Would you ever write any of the show's new characters, like the Dixons, into the comics?
It's something I've thought about. There hasn't been a lot of room for it right now, with everything that's going in the comic series, but it's something that I'd be open to, if the story was right and it all made sense.
Let's talk about the events of last night's finale, "TS-19." The comics avoid revealing what caused the zombie outbreak, but the TV show's finale gave us what was actually a fairly coherent medical explanation. Can you explain that decision?
I'm certainly not afraid of giving people answers, and I don't think it ruins anything or takes anything away by giving some people some tidbits ... I wouldn't want to go too much past [what "TS-19" revealed], as far as getting into an actual cause, or anything like that. But I think that where it went was a good tease. And it also brought up more questions than answers. I think that's always a good thing.
Is the medical explanation that Jenner (Noah Emmerich) offered in "TS-19" the one you have in mind for the comics?
It's a little bit of a departure from where things are going in the comics. But I think it worked in the context of the show—actually, added to it. That's really the only important criteria that I'm looking for.
Another interesting part of the finale was the opening flashback, showing the events that led to Shane (Jon Bernthal) leaving Rick in the hospital when the zombie outbreak first happened. Are there going to be more flashbacks showing events before the outbreak?
Where it's needed, there will be things like that, but it's not going to become a regular thing. Like the comic book—I think there have been maybe four flashbacks in the 80 comic issues we've done. It'll probably be like that for the television show, when there's something cool that you kind of need to see. I think that flashback was great—seeing why Shane left [Rick] in the hospital, and how he made the decision to tell Lori [Sarah Wayne Callies] that [Rick] was dead. It explains a lot of Shane's character, and really makes him a lot more likable.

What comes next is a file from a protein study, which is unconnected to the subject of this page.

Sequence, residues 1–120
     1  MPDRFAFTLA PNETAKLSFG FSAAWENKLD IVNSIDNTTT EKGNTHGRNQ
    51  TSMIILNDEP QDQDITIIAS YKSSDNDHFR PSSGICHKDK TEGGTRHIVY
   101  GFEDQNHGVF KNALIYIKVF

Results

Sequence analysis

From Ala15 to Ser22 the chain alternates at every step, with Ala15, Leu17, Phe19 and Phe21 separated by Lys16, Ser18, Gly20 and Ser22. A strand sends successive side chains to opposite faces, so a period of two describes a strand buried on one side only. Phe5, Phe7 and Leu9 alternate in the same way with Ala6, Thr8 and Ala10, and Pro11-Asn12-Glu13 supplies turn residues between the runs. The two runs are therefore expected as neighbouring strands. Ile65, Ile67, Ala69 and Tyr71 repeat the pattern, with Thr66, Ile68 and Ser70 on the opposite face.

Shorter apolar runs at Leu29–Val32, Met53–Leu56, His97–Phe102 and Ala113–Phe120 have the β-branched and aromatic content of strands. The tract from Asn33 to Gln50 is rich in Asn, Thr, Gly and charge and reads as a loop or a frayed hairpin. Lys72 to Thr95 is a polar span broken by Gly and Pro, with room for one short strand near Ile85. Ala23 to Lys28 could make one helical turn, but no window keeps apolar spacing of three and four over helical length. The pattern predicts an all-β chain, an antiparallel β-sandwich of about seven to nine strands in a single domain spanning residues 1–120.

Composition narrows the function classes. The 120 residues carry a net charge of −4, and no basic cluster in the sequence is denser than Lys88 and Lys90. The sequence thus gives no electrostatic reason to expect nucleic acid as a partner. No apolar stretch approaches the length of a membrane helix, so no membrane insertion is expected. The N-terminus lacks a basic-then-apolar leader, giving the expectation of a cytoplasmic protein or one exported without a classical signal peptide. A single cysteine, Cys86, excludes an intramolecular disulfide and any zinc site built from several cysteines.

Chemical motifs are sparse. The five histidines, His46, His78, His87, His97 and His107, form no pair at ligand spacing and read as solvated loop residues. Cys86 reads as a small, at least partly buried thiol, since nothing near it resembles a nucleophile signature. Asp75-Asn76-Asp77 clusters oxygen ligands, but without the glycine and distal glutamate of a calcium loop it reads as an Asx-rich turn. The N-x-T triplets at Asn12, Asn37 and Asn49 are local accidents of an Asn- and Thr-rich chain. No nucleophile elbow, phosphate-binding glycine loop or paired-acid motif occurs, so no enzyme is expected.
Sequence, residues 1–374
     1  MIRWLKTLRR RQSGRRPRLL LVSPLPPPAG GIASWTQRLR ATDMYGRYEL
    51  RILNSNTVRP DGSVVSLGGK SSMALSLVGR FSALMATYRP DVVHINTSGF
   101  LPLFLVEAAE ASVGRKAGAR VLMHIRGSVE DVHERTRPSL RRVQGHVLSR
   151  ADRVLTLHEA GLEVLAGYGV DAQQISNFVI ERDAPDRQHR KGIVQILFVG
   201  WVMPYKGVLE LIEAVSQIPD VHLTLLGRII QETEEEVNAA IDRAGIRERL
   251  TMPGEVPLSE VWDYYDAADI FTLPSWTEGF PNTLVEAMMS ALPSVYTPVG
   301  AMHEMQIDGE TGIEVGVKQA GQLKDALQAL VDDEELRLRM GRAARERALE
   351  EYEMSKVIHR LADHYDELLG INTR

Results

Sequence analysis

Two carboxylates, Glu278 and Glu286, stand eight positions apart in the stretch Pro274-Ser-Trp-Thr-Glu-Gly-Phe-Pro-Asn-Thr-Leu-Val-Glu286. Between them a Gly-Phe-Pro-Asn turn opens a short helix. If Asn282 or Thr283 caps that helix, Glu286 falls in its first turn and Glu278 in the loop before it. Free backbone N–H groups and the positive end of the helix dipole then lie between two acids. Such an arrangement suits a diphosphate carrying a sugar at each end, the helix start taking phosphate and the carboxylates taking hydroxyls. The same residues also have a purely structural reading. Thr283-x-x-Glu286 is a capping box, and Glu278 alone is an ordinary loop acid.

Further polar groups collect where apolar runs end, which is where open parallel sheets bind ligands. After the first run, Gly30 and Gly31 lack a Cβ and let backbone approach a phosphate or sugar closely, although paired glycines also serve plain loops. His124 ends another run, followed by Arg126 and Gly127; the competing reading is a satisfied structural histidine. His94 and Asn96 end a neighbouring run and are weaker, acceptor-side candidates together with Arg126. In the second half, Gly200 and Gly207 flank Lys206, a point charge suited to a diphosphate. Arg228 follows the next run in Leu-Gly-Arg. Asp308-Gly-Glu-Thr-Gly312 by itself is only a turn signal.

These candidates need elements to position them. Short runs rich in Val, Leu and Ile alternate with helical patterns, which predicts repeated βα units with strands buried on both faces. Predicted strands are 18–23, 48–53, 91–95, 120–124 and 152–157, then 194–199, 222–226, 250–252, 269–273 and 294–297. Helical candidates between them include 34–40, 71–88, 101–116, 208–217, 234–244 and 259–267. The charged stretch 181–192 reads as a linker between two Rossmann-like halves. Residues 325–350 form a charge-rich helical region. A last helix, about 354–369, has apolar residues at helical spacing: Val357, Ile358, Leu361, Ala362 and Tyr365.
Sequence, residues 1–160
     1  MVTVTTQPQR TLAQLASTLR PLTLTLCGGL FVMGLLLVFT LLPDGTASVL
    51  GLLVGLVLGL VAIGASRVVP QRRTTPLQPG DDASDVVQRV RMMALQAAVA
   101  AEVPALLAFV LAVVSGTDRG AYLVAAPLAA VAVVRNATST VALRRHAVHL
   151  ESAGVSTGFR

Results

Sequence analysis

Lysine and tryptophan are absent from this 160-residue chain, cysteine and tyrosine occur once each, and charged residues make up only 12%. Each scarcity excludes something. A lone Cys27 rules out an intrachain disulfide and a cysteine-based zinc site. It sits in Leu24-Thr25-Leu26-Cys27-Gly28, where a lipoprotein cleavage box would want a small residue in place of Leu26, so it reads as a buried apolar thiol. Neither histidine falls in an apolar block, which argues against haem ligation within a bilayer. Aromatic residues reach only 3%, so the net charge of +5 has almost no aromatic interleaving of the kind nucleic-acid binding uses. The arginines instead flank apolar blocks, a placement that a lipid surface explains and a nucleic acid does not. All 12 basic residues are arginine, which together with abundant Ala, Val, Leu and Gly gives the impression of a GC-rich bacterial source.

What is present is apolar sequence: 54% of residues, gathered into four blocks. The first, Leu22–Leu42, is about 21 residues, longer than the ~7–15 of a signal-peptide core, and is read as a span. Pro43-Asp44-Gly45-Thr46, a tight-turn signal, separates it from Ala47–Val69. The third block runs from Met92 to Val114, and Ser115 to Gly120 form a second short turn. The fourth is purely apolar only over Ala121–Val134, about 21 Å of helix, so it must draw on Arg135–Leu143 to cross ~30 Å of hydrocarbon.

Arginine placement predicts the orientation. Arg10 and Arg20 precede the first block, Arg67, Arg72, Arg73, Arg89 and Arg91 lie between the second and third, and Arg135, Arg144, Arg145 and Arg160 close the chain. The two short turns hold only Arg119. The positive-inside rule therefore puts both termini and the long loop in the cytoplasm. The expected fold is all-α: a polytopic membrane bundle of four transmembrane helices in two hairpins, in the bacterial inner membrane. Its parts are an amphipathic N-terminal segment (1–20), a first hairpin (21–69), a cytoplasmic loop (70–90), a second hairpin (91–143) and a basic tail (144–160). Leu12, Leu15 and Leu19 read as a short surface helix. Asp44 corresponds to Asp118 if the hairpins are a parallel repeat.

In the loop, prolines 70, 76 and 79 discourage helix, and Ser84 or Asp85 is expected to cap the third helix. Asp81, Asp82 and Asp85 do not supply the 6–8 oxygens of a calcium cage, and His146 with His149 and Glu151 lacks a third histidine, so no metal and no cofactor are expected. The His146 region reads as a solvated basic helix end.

The Walking Dead will be back for another season next year, with 13 episodes instead of six. What would you personally like to see happen in the second season?
I wouldn't want to give any direction away by saying what I'd want to see ... [Executive Producer Frank Darabont] said publicly that he'd like to get to [comics character] Hershel Greene's farm, and I'm 100 percent on board with that. Seeing the Greene family, and introducing Maggie [Hershel's daughter] so that Glenn [Steven Yeun] will have a love interest in the show.
Frank Darabont has said he's a pretty big fan of the series' most notorious villain, The Governor. Oh yeah. We'll be seeing that guy eventually.
The Atlantic has been running a "Zombie Survival Tip" in our recaps each week. As a zombie expert, can you give our readers an exclusive tip for surviving the zombie apocalypse?
Find an island and hide ... Maybe a nice houseboat—a houseboat would work, that would be fine. Weapons aren't going to work after a while, and no matter how much planning you do, any kind of structure is eventually going to be overtaken ... So if you're not near an island, kill yourself; if you're on an island, stay there.
[laughs] Very bleak.
Well, that's zombies.